New York is heading toward another lost season. A weak free agent class follows. It’ll take a while for the Knicks to build back up.

This summer – which the Knicks began with the best lottery position, massive cap space and a premier market – was a huge missed opportunity. Even getting past the New York noise and the misplaced expectations this franchise incites, that burns.

Offseason grade: D

Steve Kerr: ‘Very unlikely’ Warriors will play another regular-season game

Warriors coach Steve Kerr
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NBA owners and players are reportedly united on finishing the season or, as Adrian Wojnarowski put it, “finding a way to be able to crown a champion this season.”

Where does that leave the Warriors, the only team eliminated from the playoff race before coronavirus forced a league-wide stoppage?

Golden State coach Steve Kerr on “The Full 48,” via Ali Thanawalla of NBC Sports Bay Area:

“Look, for us, our season is basically over,” Kerr said. “If the league was somehow to start up again, it’s very unlikely we would be playing regular-season games given that they’d be in such a time crunch. Who knows?

“But I’m feeling for all the teams in the fight, in the thick of it for a championship, that are in the playoff race, teams that have put so much into this, and this was obviously a year for us where we were trying to get healthy, trying to develop some young guys. So I’m not concerned about our guys, our team. I feel sorry for the teams that are kind of in limbo right now.”

There’s chatter about resuming play with a play-in tournament and postseason in Las Vegas. The league could be sharing plans internally. Kerr could be proven right. It’s certainly possible Kerr was even already told the Warriors are finished with the regular season.

But I don’t share his prediction.

There’s a lot of money to be made by holding more regular-season games, especially for high-revenue teams like Golden State.

This was a gap year for the Warriors. They’re clearly ready to move on.

But Stephen Curry is healthy again. By the time the hiatus ends, Klay Thompson might be cleared. With other stars on the court, Draymond Green could be more engaged. Though there would be limits on Golden State’s competitiveness, that team would be a draw that could help stuff the league’s coffers.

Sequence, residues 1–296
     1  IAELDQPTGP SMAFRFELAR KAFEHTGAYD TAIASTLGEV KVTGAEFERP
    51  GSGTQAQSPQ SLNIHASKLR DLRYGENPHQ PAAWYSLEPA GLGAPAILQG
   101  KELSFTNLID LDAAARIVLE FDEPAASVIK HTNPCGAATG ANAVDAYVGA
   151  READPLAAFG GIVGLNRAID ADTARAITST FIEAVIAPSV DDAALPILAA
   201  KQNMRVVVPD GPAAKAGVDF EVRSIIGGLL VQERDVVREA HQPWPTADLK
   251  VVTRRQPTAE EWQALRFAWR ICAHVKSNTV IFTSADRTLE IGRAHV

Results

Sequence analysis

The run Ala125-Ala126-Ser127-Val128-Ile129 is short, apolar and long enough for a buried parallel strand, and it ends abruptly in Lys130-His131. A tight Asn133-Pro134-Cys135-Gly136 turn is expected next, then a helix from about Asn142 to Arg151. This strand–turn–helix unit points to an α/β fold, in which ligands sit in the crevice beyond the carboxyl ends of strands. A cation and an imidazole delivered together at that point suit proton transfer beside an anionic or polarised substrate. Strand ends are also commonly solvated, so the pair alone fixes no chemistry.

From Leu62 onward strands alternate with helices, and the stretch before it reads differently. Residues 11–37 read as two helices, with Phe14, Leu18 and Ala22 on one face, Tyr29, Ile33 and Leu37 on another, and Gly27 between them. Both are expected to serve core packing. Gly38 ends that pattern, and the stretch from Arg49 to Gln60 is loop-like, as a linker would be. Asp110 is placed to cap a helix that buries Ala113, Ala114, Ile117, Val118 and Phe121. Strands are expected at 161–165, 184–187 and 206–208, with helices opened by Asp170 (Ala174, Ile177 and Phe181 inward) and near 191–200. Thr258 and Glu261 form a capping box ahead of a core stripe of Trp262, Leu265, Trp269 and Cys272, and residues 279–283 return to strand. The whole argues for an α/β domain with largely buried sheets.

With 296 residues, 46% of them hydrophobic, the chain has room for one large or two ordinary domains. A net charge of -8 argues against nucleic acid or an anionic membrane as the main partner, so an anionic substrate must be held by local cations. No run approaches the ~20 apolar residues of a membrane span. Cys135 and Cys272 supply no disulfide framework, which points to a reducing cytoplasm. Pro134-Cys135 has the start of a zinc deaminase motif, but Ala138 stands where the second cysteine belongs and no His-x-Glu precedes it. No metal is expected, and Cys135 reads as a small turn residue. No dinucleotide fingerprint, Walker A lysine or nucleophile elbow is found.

As Kerr said, there are unprecedented timing issues. Yet, every game is a revenue opportunity. That matters, too.

Florida State forward Patrick Williams declares for NBA draft

Florida State forward Patrick Williams
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Devin Vassell declared for the NBA draft from Florida State.

Now, Patrick Williams is following.

Evan Daniels of 247Sports:

Florida State freshman Patrick Williams is declaring for the NBA Draft and plans to forgo his remaining eligibility, he tells 247Sports.

“I decided to do it because I think my game isn’t NBA ready, but I have the potential to be NBA ready,” Williams explained. “I think with development and support and everything else on that level, I can eventually can be a really good NBA player.”

That’s an interesting self-assessment – one more players should take. Williams has the tools to project as a mid-first-round pick. As he said, he needs to develop. But he can do that while earning an NBA salary rather than being stuck in the NCAA’s cartel system. There’s no good case that college teams develop young players better than NBA teams, anyway.

It’s unclear whether Williams (6-foot-8 with a 6-foot-11 wingspan) will settle in as more for a small forward or power forward. Probably power forward. But if his ball skills develop, he has potential as a small forward, a position in higher demand around the league.

As the NBA has embraced smaller lineups, rim protection – once more of a shared frontcourt responsibility – has increasingly fallen onto centers. Williams would help from either forward spot. He’s an energetic and athletic defender with good timing for blocking shots.